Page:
Dell now has 30,000 licenses for desktop access of MicroStrategy, and another 1,000 for mobile use.
"The new model says you don't have to be on my road map. Once you have been trained, you have access to all of these enterprise class tools and every single piece of data that exists within Dell," Schmidt said.
Training on the platform takes on average about four hours. Each major group within Dell gets all the data for its own purview--marketing, sales, services or manufacturing. MicroStrategy also offers pretty solid capabilities in allowing managers to share all their work--the data sets and the formulas--with other managers in their divisions, Schmidt said.
Allowing managers to create their own tools means they can get the information they need more quickly. "It's an exploratory platform," Schmidt said of the MicroStrategy software. "They don't have to know the questions they need to access" the data.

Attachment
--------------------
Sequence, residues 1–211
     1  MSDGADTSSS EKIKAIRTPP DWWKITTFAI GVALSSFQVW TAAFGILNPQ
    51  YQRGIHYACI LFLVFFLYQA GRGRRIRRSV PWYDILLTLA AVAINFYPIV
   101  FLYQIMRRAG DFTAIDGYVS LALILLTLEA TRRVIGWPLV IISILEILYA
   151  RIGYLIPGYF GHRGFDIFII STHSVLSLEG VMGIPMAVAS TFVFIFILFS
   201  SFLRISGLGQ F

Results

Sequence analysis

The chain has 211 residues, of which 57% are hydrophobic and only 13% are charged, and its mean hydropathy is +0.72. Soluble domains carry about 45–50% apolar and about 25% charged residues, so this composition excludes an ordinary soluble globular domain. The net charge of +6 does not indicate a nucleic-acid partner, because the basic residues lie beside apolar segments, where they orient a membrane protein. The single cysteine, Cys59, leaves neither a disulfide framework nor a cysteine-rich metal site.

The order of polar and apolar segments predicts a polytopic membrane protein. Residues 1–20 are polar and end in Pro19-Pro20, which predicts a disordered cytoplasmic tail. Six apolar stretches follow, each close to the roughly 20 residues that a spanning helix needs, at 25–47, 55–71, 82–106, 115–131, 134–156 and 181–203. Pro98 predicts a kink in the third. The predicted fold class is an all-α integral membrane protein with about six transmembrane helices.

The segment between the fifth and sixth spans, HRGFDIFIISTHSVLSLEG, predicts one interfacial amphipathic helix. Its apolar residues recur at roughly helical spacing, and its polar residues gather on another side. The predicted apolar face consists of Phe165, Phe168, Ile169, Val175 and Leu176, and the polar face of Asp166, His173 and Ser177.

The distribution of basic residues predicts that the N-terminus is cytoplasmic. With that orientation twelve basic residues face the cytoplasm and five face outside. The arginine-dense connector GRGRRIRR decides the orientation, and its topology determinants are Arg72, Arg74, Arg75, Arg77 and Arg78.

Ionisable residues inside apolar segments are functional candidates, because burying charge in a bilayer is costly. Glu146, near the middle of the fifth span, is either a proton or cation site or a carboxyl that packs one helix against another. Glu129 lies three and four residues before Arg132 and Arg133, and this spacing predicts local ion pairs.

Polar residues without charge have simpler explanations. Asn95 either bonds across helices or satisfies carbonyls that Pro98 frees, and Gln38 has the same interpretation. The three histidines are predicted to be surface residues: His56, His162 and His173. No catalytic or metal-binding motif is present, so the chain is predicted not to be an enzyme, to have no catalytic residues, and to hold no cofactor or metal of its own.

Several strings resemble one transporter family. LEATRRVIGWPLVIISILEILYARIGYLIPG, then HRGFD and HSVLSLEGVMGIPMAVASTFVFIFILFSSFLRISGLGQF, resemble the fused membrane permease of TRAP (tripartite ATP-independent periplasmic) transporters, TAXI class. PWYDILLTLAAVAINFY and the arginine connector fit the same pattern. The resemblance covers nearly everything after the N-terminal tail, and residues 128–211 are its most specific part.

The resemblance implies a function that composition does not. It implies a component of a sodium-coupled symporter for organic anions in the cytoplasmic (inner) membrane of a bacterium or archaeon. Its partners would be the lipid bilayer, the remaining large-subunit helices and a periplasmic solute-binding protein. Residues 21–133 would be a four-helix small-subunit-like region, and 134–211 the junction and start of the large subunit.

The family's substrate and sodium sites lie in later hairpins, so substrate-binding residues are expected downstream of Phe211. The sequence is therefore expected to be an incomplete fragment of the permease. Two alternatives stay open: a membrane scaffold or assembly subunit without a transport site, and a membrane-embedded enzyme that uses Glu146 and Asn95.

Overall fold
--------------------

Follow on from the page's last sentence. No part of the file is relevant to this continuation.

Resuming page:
For instance, the sales division of Dell traditionally ran reports of potential customers who had a "propensity to buy" a Dell product or service, predictions that were based on buying history, support interactions, social media data and other bits of information.
In the old centralized model, the report could take up to 16 days to run, and would be based on data that was on average three months old. Now, when a sales team wants to create a new "propensity to buy" model, it can be cobbled together within a few hours and use data that is nearly real-time.
"The use of big data is not an IT problem. It's a business problem that IT is part of," Schmidt said. "I don't think a lot of people really get that."
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